Heartfelt Noisy Village Feel at Brunnsta Farm

After a trip in Fjärdhundraland, Sweden by Bike had the privilege of cycling to Brunnsta farm one summer evening for an overnight stay last summer. The room was as fresh as the reception was cordial. Ahead of the upcoming season, we take the opportunity to ask some questions to Lena Glantz Eriksson, who runs Brunnsta with her husband Göran.   

If I am out cycling and would decide to sleep two nights with you at Brunnsta Gård, what do you suggest I do during my stay? 

Brunnsta Gård is a perfect starting point for many activities. You can swim and fish in Lake Mälaren, then there are great opportunities for bird watching in Hjälstaviken. Not far away are visitor destinations such as Skokloster castle and in Bålsta there is Lasse Åberg's MusEum. Then you can easily walk in the woods and in the fields, Upplandsleden is close by.

You were early cyclists as a target group and have been turning to cyclists for decades. Why do you think cycling tourism in Sweden has started in earnest right now? 

Cycling is a great way to experience nature and culture while keeping your own body in shape. Increased interest in the environment and climate as well as the growth of an increasing number of bicycle routes contribute.

At Brunnsta, a number of houses are close to each other as a "Bullerby". Can you tell us a short story about the farm's history?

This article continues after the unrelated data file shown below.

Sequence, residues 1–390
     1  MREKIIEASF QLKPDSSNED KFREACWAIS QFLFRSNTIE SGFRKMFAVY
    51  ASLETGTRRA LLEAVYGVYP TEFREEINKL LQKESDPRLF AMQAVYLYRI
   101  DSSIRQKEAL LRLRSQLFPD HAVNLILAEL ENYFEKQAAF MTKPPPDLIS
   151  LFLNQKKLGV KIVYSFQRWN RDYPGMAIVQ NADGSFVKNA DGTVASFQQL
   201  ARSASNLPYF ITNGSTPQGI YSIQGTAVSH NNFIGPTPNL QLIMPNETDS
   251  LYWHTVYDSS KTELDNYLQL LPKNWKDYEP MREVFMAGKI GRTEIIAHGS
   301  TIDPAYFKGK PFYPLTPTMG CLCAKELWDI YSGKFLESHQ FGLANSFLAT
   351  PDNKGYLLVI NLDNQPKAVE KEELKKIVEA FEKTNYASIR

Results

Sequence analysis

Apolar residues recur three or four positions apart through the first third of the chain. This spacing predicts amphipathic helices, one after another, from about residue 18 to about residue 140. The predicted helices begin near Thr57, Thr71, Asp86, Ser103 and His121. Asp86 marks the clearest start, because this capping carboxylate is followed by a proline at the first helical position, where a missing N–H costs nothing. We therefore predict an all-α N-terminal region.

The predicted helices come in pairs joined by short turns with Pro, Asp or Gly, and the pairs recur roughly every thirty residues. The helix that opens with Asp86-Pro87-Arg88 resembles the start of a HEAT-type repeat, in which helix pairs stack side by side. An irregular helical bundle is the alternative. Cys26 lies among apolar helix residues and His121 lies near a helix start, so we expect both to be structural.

When the ice age was over, the ground was raised and hills and heights formed islands in the sea. About 3000 years ago people started to settle here. In Brunnsta and its vicinity there are rock carvings, including a rock cave with 22 engraved ships. From the Viking age there is a great man's tomb, several tombs and many rune stones. The village of Brunnsta itself is a so-called row village with originally nine farms close to each other. In the township's ownership there is a map from 1680 with the houses inscribed as they are today. Each farm has many houses, which is why the character of Bullerbyn is reinforced.

You have experience in cycling tourism in other countries. Something we Swedes can learn?

We have traveled extensively in Italy. A bus company we ride a lot with arranging weekend trips for cyclists. The bus takes the group to some nice area and then acts as a companion car. In appropriate places, the driver shows up lunches and snacks. Food is important for Italians.

Daniel Bergstrand